Risk assets added to recent gains as economies around the world relaxed restrictions and central banks and governments continued to provide extraordinary stimulus to offset the weak economic backdrop. Despite a pandemic and a recession, investors embraced risk in their search for yield amid significant central bank intervention and low rates. As a result, global equities posted strong returns following the correction at the end of the first quarter. US equities, as measured by the S&P 500 Index, increased 2.0% in June for a 20.5% return during the quarter. This marked the largest quarterly gain for the index since 1998. In addition, US small caps outperformed large caps with the Russell 2000 increasing 3.5% for the month and 25.4% for the quarter.

Non-US equities also benefitted from the risk-on sentiment and recent weakness in the dollar. The MSCI EAFE Index gained 3.4%, while the euro appreciated 1.0% relative to the dollar in June. Emerging markets outperformed during the month, rising 7.4%, as broad currency appreciation supported returns; the MSCI Emerging Market Currency Index appreciated 1.2% last month.

In fixed income, global rates were mostly unchanged in June, resulting in relatively flat returns for Treasury-based indexes. However, the US 10-year breakeven inflation figure increased 19 basis points, underscoring a rise in inflation expectations. In credit, spreads continued to tighten, reflecting Fed intervention in fixed-income markets. The option-adjusted spreads of the Barclays US Investment Grade and Barclays US High Yield indexes declined 24 and 11 basis points, respectively.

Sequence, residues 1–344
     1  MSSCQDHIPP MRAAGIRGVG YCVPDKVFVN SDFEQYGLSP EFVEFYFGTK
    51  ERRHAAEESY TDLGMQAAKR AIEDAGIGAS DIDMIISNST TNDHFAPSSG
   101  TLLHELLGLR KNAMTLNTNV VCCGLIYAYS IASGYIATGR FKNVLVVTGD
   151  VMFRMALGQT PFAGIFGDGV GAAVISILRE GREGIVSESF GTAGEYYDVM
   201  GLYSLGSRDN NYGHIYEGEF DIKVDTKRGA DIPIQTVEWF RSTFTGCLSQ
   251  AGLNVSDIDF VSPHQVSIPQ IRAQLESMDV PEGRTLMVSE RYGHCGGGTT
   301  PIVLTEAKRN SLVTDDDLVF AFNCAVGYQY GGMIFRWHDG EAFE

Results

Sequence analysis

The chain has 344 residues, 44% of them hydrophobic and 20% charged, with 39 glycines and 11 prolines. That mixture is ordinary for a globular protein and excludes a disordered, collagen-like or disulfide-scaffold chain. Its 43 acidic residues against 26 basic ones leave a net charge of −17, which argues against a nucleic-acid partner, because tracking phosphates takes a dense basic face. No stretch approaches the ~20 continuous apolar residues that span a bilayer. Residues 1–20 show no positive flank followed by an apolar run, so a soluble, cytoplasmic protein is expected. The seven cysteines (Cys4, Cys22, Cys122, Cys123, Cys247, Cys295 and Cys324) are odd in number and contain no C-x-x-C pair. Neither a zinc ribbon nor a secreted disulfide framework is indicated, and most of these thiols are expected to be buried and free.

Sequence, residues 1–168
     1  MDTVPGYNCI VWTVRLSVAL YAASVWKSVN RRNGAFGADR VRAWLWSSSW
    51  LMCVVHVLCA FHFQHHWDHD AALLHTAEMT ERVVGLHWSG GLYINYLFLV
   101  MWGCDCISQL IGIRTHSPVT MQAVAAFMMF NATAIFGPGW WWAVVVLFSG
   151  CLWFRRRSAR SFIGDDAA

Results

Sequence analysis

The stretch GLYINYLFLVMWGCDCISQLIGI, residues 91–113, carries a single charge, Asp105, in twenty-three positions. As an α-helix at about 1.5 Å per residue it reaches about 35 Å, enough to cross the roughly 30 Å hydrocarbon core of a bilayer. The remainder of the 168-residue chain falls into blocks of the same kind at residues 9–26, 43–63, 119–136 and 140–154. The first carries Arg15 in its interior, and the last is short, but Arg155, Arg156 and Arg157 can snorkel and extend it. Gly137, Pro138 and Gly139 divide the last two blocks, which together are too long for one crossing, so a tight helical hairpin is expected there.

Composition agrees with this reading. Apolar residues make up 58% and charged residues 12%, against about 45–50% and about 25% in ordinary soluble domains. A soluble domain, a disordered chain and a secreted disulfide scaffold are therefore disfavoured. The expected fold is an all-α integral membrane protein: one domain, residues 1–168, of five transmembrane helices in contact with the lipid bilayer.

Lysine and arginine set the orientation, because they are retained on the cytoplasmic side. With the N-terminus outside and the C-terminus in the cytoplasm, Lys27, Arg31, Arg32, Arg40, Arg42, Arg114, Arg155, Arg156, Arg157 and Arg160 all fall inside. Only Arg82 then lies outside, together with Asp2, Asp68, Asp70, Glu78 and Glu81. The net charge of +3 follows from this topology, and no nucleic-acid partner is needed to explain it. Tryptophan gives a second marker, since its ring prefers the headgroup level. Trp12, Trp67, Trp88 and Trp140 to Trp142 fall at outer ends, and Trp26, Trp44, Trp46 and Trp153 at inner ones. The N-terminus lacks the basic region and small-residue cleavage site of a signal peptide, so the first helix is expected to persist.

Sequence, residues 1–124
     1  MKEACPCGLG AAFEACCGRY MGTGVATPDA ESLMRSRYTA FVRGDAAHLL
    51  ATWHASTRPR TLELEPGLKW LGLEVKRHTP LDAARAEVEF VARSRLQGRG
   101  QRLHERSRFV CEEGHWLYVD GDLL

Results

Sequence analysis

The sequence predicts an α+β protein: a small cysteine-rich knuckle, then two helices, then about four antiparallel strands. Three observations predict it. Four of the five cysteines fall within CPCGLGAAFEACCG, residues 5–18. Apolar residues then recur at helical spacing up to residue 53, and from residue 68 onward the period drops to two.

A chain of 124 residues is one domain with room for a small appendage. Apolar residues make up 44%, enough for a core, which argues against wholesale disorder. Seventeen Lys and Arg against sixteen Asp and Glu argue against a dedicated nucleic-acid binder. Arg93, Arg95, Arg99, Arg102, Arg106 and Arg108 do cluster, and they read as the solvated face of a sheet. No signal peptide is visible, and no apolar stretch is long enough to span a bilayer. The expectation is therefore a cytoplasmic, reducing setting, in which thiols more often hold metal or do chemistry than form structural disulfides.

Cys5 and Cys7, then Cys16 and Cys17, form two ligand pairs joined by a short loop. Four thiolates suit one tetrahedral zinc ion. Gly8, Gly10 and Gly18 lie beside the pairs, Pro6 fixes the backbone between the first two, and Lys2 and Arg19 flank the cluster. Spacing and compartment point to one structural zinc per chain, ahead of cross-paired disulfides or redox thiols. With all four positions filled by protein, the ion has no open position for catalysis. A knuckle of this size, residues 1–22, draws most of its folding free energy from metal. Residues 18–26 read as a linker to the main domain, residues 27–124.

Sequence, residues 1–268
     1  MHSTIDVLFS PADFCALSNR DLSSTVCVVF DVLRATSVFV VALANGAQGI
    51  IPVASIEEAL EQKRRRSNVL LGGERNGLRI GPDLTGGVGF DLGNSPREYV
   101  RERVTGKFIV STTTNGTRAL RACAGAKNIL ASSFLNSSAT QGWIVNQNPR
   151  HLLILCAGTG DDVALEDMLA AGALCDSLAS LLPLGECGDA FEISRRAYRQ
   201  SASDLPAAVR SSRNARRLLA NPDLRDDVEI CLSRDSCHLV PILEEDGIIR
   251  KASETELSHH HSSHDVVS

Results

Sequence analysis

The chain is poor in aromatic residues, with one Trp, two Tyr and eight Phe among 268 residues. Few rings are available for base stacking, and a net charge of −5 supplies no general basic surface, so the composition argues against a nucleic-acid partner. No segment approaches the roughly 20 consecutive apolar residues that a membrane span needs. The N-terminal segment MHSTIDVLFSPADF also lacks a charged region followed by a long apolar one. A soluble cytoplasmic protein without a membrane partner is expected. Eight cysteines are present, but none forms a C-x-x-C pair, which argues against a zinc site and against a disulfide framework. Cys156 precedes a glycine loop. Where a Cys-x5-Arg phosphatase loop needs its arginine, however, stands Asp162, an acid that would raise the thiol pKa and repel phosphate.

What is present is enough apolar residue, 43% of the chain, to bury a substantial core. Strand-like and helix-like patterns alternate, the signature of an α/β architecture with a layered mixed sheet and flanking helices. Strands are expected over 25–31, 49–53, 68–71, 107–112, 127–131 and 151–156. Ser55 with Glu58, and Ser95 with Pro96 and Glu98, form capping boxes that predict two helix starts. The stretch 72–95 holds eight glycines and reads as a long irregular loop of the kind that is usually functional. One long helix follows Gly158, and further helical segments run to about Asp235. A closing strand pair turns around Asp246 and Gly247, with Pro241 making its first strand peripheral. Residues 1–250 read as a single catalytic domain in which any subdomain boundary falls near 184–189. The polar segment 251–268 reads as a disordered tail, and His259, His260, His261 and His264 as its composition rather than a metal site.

In real assets, spot WTI crude oil bolstered recent gains, up 10.4% for the month. The recent increase pushed quarter-to-date returns to 91.5% as demand has begun to recover with economies reopening and continued production cuts from OPEC+. In addition, spot gold prices rose 3% last month, with investors likely looking to the asset class as a portfolio hedge.

While the recent performance of risk assets has been encouraging, we remind investors of the significant headwinds still surrounding the global economy, especially as positive COVID-19 cases trend higher across the United States. In the face of such uncertainty, we expect heightened volatility to continue across capital markets, given the wide range of possible economic outcomes. To that end, we encourage investors to be disciplined and mindful of market liquidity. We recommend investors maintain at least one quarter of spending needs in cash as potential market dislocations can trigger bouts of illiquidity across publicly-traded markets.